BMW X1 sDrive20d 2013 Review

BMW X1 sDrive20d 2013 Review

Back in 2009 BMW launched the first ever luxury compact SUV at the Frankfurt Motor Show. Today, that segment is a bit more competitive with the likes of the Range Rover Evoque and Audi Q3. Even second-tier compact SUVs such as Mazda’s top-of-the-line CX-5 AWD Diesel Ltd nip at the heels with comparable specification, if not brand cachet.

And that gives BMW good reason to perform a refresh on the BMW for 2013. They call it a

‘life-cycle impulse’ – it’s basically a facelift – and it sees some revised design elements and an improved engine and gearbox.

I took its slightly revised sculpted face to the Kaipara Sculpture Gardens along with four friends. This took in some motorway cruising plus some sinuous black top along SH16.

Rear seat passengers – all adults – found the seats comfortable, but a little lacking in width and leg room. The rear is more suitable for two passengers than three. It was also a hot day, and they would have liked air conditioning vents in the rear.

The fitted optional front seats (part of a $5000 M Sports package) are comfortable and supportive, but weren’t electrically adjustable. The M Sports package also includes 19-inch alloy wheels (wrapped in 225/40R19 tyres), roof rails, M leather steering wheel, M Sport suspension, M Aerodynamics package and door sill scuff plates, amongst other things.

Other options fitted included the rear view camera ($500 – essential because of the thick rear pillars and high boot line), front seat heaters ($800), xenon lights and headlight washer system ($1200), lights package ($500) and music interface for smartphone ($250). The total options came to $8250. Add that to this model’s drive away RRP of $71,000 and you sneak in just under eighty grand, which is comparable to the Audi Q3 S Line, but quite a bit cheaper than an equivalent spec Evoque.

The interior is well appointed with dual climate control, Bluetooth integration for phone calls and audio streaming, cruise control with braking function, automatic lights and wipers, and satellite navigation as standard. Functions are accessed through BMW’s iDrive interface (jog wheel and buttons). There is very little cabin storage. The glovebox is small and the central binnacle is compromised by an enormous European-style car-phone holder and a second cup holder. In the boot it’s a different story. There are flexible straps and cargo nets, plus a useful hidden compartmentalized storage area underneath the boot floor.

Arguably the best aspect of the X1 is its engine and gearbox package. It’s a 1995cc turbo diesel that liberates a healthy 135kW and 380Nm of torque, delivered through an 8-speed automatic gearbox. The engine pulls strongly (100kph comes up in around eight seconds) despite being quiet and, as they say in Spanish, un mechero (it means ‘cigarette lighter’ and is a term given to a car that uses fuel at about the same rate). In fact, BMW quotes 5 litres per 100km on the open road and when I picked the vehicle up from BMW HQ the trip computer informed me I had 1053km of diesel in the 61-litre tank.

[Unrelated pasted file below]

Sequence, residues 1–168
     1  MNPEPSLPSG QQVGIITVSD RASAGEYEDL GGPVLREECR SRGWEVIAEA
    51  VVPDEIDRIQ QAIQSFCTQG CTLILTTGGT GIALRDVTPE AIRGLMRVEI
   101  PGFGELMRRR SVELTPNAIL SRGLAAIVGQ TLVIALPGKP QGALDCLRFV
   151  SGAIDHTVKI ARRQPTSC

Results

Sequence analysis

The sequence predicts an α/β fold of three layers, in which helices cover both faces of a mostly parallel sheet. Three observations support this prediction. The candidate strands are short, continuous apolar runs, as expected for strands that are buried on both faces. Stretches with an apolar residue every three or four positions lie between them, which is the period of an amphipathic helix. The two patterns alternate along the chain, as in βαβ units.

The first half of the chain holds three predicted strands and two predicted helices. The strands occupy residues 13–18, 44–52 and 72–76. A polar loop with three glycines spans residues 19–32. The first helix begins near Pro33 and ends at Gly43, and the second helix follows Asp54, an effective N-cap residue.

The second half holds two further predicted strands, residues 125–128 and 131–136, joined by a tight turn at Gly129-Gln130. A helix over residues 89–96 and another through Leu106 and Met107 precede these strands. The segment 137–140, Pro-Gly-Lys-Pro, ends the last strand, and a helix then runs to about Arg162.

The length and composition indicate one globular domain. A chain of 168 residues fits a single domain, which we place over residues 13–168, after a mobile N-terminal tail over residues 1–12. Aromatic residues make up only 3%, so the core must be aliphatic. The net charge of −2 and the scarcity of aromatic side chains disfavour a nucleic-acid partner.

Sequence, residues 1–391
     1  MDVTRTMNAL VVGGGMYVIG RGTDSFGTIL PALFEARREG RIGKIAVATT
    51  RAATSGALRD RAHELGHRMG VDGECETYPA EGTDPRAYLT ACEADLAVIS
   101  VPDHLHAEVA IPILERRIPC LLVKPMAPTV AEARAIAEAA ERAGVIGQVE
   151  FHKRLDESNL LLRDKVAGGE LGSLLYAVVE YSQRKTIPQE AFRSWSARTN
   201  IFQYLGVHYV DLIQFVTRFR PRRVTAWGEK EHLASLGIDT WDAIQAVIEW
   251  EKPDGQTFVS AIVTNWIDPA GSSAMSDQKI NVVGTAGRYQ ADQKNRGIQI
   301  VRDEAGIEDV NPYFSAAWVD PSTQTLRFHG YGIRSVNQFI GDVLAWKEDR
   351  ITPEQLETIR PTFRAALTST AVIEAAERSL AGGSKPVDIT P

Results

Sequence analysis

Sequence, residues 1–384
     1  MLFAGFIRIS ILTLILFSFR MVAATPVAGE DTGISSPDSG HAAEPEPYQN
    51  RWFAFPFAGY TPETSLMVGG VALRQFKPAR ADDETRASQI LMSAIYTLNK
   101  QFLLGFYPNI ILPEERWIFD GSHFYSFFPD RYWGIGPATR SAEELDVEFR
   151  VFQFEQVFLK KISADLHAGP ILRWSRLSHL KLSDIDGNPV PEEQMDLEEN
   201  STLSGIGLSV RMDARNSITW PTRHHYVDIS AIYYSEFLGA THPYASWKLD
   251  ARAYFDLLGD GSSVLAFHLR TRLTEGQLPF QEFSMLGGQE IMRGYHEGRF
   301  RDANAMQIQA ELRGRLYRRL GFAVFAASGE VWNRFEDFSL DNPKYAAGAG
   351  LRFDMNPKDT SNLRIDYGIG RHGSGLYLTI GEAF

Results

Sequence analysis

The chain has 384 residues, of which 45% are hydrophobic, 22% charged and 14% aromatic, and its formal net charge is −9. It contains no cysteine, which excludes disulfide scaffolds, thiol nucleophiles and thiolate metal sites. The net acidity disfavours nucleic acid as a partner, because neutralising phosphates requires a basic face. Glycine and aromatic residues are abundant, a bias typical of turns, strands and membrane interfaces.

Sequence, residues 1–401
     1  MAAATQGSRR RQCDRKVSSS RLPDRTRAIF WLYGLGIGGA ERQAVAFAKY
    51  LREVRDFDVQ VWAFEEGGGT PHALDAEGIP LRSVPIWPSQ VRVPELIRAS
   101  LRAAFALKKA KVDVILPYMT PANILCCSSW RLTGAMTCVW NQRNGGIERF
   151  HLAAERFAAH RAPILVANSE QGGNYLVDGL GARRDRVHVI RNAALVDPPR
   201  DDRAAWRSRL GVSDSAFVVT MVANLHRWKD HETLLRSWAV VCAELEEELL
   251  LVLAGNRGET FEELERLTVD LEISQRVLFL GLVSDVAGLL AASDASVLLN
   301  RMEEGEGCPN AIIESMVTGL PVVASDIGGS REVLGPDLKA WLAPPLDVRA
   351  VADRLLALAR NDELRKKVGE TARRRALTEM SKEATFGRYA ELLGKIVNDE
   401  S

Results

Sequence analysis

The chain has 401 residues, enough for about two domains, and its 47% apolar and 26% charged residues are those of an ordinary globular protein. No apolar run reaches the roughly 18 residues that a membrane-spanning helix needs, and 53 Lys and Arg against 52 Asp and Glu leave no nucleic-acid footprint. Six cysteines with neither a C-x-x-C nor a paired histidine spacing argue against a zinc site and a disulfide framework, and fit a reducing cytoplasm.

The Eco Pro mode helps achieve this. It adjusts a number of parameters based on your driving style, including accelerator pedal response and gearbox shift points, and air conditioning settings. BMW’s internal tests resulted in a 15% increase in fuel efficiency using this system. You’ll know how well you’re doing based on a readout on the in-dash touch screen. Additional to Eco Pro there is an auto start/stop function that stops the engine when you stop the car (e.g. at traffic lights) and restarts it when you release the brake pedal.

The brakes on the X1 are very strong. Along with various electronics that give you maximum braking power when you need it, the X1 comes with run flat tyres that give you up to 250km of range after a puncture. Theses tyres will undoubtedly contribute to the firm ride. It’s sporty for the driver, but quite bumpy when the surfaces are less than perfect.

Even though you can drive the X1 in manual mode, you will never need to because the gearbox is always in the right gear, with lightning fast gear changes and plenty of torque for overtaking.

The X1 has a slight forward-leaning stance adding to the sporty profile. The rear pillars are fairly thick and the boot line is quite high therefore the Park Distance Control (PDC) which consists of rear proximity sensors, helps with maneouvring. But, as mentioned previously, the optional rear view camera with its guide lines makes reversing simple.

In summary, there’s not a huge amount of difference in the look between the previous X1 and this 2013 X1. All the good stuff is happening under the bonnet. The engine really is phenomenal. It’s one of the best, if not the best, diesel option out there in this price bracket. Smooth, powerful, frugal and all mated to that sweet eight-speed gearbox, it makes driving so effortless.

Price: $71,000 plus $8250 of installed options

Pros

  • Fantastic engine and gearbox
  • Excellent efficiency
  • Capable handling
  • Versatile boot storage

Cons

  • Ride is quite firm
  • Very poor cabin storage options – small glovebox, small central binnacle, no decent receptacles

Words and photos: Darren Cottingham

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